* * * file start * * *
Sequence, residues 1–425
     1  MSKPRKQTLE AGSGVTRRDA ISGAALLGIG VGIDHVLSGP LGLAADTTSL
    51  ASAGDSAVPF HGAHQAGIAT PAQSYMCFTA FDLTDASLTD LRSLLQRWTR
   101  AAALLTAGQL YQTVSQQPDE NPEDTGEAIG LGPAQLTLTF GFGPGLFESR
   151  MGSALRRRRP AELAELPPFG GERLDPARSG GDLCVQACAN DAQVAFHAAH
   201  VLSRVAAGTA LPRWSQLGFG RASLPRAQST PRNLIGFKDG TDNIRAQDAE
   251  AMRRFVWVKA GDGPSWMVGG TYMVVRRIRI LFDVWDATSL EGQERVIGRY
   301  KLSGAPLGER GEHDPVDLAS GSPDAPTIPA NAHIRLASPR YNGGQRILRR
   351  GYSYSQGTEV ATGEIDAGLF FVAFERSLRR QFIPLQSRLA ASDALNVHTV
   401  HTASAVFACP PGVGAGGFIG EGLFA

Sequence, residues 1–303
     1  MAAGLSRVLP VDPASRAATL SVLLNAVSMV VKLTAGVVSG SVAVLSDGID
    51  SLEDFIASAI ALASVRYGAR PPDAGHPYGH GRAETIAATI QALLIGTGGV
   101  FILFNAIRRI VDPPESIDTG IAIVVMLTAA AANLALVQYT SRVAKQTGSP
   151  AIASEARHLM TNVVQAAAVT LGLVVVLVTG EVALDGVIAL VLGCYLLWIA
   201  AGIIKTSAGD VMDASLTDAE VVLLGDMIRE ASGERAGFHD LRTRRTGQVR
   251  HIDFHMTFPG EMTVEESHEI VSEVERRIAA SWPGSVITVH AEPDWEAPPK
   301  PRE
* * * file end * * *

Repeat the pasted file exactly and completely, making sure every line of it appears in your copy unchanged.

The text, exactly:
Sequence, residues 1–425
     1  MSKPRKQTLE AGSGVTRRDA ISGAALLGIG VGIDHVLSGP LGLAADTTSL
    51  ASAGDSAVPF HGAHQAGIAT PAQSYMCFTA FDLTDASLTD LRSLLQRWTR
   101  AAALLTAGQL YQTVSQQPDE NPEDTGEAIG LGPAQLTLTF GFGPGLFESR
   151  MGSALRRRRP AELAELPPFG GERLDPARSG GDLCVQACAN DAQVAFHAAH
   201  VLSRVAAGTA LPRWSQLGFG RASLPRAQST PRNLIGFKDG TDNIRAQDAE
   251  AMRRFVWVKA GDGPSWMVGG TYMVVRRIRI LFDVWDATSL EGQERVIGRY
   301  KLSGAPLGER GEHDPVDLAS GSPDAPTIPA NAHIRLASPR YNGGQRILRR
   351  GYSYSQGTEV ATGEIDAGLF FVAFERSLRR QFIPLQSRLA ASDALNVHTV
   401  HTASAVFACP PGVGAGGFIG EGLFA

Sequence, residues 1–303
     1  MAAGLSRVLP VDPASRAATL SVLLNAVSMV VKLTAGVVSG SVAVLSDGID
    51  SLEDFIASAI ALASVRYGAR PPDAGHPYGH GRAETIAATI QALLIGTGGV
   101  FILFNAIRRI VDPPESIDTG IAIVVMLTAA AANLALVQYT SRVAKQTGSP
   151  AIASEARHLM TNVVQAAAVT LGLVVVLVTG EVALDGVIAL VLGCYLLWIA
   201  AGIIKTSAGD VMDASLTDAE VVLLGDMIRE ASGERAGFHD LRTRRTGQVR
   251  HIDFHMTFPG EMTVEESHEI VSEVERRIAA SWPGSVITVH AEPDWEAPPK
   301  PRE